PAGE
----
An article was published in Townsend Letter News by Alan R. Gaby, MD citing research that has been conducted to show that Red Yeast Rice supplementation is able to reduce levels of cholesterol.
In the study one hundred forty-two patients (mean age, 57.3 years) with hypercholesterolemia, who were not being treated with a statin drug were randomly assigned to get, using a double-blind protocol, red yeast rice or placebo for 12 weeks.
Hypercholesterolemia is the name given to the condition that is characterized by very high levels of cholesterol in the blood.
Cholesterol is fat-like substance that is produced in the body and may be obtained from certain foods. Cholsterol is necesary to build cell membranes, make certain hormones, and produce compounds that aid in fat digestion. However too much cholesterol increases a person’s risk of developing heart disease.
In the experiment the red yeast rice provided 3 mg per day of monacolin K (lovastatin), which is a lower dose than that used in previous studies.
In the red yeast rice group, the mean total-cholesterol level fell by 11.2% and the mean LDL-cholesterol level fell by 14.8% (p < 0.001 compared with the changes in the placebo group). Fifty-one percent of the participants treated with it achieved the target LDL-cholesterol level of less than 160 mg/dl.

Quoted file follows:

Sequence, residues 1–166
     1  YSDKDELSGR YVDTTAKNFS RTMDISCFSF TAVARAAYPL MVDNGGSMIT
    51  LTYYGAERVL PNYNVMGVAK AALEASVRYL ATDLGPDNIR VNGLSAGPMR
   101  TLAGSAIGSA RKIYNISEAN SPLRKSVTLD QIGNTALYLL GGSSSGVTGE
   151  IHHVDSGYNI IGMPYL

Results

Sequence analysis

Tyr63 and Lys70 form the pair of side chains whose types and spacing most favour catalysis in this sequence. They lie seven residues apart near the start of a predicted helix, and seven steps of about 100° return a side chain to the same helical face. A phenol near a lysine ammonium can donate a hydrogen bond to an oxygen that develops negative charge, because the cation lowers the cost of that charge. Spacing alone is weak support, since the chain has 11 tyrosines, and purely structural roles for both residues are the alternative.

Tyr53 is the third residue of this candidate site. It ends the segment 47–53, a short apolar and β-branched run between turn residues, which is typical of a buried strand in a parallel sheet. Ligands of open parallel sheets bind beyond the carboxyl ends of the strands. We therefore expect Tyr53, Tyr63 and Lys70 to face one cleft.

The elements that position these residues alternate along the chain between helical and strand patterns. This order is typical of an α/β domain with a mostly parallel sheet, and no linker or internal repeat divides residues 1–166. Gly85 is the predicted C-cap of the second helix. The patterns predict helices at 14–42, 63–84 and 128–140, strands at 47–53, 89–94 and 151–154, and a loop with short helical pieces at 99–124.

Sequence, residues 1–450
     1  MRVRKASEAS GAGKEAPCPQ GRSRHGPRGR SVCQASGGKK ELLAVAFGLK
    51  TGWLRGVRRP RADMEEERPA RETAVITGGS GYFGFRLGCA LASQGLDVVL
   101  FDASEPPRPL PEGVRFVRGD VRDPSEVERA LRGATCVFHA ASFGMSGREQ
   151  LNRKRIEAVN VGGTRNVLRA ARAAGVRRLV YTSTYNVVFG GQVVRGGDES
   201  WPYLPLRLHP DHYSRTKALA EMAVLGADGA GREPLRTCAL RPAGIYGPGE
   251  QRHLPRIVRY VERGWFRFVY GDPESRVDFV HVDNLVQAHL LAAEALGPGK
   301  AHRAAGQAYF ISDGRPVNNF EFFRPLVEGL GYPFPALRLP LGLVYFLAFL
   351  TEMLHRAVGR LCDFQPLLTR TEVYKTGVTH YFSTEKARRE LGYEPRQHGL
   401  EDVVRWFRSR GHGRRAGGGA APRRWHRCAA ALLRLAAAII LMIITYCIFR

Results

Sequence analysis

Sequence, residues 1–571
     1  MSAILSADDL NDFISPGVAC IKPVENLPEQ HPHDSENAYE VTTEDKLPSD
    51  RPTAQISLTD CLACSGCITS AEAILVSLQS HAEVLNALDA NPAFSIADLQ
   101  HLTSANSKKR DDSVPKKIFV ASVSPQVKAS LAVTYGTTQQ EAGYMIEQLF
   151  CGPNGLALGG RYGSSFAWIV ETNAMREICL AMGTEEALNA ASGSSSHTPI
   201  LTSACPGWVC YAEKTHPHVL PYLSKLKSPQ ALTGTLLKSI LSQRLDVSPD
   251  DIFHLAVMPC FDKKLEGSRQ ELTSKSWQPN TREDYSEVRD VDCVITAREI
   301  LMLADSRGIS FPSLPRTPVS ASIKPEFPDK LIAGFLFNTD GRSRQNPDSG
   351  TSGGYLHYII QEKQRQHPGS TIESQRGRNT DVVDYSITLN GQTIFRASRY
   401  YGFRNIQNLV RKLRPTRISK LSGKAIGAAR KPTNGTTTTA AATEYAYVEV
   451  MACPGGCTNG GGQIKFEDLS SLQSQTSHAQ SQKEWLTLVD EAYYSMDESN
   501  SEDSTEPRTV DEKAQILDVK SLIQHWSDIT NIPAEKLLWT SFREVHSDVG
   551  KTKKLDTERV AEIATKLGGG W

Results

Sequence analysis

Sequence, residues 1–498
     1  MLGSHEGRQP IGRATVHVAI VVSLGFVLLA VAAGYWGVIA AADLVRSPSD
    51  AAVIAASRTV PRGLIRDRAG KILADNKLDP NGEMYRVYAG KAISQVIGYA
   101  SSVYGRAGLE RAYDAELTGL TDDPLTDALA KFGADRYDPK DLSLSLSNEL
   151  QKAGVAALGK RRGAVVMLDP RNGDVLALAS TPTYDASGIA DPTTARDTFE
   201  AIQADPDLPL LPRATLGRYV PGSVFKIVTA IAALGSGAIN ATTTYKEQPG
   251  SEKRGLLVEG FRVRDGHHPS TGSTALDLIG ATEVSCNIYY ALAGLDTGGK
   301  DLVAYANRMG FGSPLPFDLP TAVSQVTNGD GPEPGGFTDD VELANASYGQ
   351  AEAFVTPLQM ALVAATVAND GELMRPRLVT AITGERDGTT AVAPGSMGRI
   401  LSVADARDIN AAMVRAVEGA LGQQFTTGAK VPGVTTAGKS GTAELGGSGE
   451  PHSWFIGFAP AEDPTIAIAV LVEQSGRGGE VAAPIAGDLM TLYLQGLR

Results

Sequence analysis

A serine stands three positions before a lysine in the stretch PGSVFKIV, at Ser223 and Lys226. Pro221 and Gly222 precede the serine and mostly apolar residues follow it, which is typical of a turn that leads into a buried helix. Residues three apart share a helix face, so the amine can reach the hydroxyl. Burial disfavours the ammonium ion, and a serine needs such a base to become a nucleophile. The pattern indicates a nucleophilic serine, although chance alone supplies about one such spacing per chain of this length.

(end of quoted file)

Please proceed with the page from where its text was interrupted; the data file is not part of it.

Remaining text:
What is Red Yeast Rice?
Red yeast rice is fermented rice produced when red yeast ( Monascus purpureus) is grown on white rice.
It has been used in China for more than 1,000 years and is a dietary staple in China and Japan.
Some strains of red yeast rice, excluding those that are sold as food in China and Japan, when fermented under controlled conditions, produce compounds called monacolins.
Monacolins are structurally very similar to statin drugs like pravastatin, simvastatin, and lovastatin.
Lovastatin has been identified as the most predominant monacolin.
Monacolins, similarly to the effects of statin drugs, inhibit cholesterol synthesis by inhibiting HMG-CoA reductase and also decreasing C-reactive protein levels.
Previous Red Yeast Rice Studies
There have been many clinical trials showing the use of red yeast rice to significantly decrease serum total- and LDL-cholesterol levels.
These effects were similar to those of commonly used statin drugs, even though red yeast rice contains substantially lower amounts of lovastatin and other monacolins than the dosages of most statin drugs used to treat hypercholesterolemia.
Dr Gaby suggests that it’s possible that the various monacolins in red yeast act synergistically, or that they act additively with other substances in red yeast rice.
He tells us that most of the previous clinical trials administered dosages that provided 5-10 mg per day of monacolin K, in comparison to 3 mg per day in the present study.
He reminds us that while red yeast rice is considerably less likely than statin drugs to cause myalgia and other side effects, it is not risk-free. For this reason, the says that when using it to treat hypercholesterolemia, it’s best to give the lowest effective dose.
It is not recommended for people taking statin drugs to also take red yeast rice since the combination may increase the risk of adverse effects.